Dealing with Difficult People
When dealing with difficult people, our immediate urge is to jump to our own defense. Today, there are smarter moves to make when dealing with a tyrant.
By Nando Pelusi Ph.D. published September 1, 2006 - last reviewed on June 9, 2016
Some people go to extraordinary lengths to be difficult. Think of the diva actress whose on-set needs can never be met or the boss who keeps moving the goal posts. The difficult person elevates the deliberate provocation to an art form. The underlying message is often, "Unless you agree with me and go along, you'll regret it."
One clue that a person is attempting to intimidate or manipulate you is the use of unpredictable, or protean, behavior—acts that are random and seemingly out of the blue. A dictator keeps his minions guessing—and scared. Some forms of despotism are much subtler: Duke Ellington was known for provoking heated rivalries and feuds among his bandmates in the belief that such strife would make the music hotter.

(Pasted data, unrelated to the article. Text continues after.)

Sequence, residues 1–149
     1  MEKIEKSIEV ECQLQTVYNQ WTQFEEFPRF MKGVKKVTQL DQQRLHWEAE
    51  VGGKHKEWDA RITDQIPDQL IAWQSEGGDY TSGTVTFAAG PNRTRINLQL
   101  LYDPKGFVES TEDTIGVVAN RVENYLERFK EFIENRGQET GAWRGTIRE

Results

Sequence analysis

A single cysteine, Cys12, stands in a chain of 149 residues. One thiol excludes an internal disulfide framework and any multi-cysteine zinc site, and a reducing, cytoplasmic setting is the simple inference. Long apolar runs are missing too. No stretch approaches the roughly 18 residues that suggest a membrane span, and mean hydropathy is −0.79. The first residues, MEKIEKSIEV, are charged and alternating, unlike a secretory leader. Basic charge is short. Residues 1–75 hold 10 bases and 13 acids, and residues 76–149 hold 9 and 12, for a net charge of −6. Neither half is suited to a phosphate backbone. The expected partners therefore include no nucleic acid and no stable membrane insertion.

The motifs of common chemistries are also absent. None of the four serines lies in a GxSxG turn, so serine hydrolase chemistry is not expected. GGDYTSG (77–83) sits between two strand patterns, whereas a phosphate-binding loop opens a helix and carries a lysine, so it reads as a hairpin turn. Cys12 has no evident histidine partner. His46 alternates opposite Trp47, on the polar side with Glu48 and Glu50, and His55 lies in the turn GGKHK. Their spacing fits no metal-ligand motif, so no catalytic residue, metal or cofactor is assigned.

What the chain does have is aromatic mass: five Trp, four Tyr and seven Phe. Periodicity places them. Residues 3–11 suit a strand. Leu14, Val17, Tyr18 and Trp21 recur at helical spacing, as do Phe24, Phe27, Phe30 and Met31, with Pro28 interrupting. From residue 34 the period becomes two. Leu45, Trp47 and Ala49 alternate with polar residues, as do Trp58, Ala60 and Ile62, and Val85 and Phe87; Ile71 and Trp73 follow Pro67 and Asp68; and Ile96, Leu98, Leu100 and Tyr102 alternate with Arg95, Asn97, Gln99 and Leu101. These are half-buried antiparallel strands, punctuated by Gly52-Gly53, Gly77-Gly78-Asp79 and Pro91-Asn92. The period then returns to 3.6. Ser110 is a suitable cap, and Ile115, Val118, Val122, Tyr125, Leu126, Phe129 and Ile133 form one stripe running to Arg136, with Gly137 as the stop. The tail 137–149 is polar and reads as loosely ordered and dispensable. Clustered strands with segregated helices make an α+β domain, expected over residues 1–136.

Erratic behavior is a powerful weapon because it defies accurate prediction. Often, the behavior comes as a surprise even to the person generating it.
Flying into a rage or staring you down and dismissing you summarily are common strategies to keep you off-kilter. Unpredictable actions serve the purpose of confusing potential usurpers and avoiding responsibility. Your boss freaks out, throws things and yells. Some might call him irrational. But the irrationality gives him a leg up.
Erratic behavior served adaptive ends in our past, and it still does. Just as a minnow might cut a zigzagging path to avoid being snapped up by a larger fish, the boss alternately screams and stonewalls to avoid having her motives laid bare.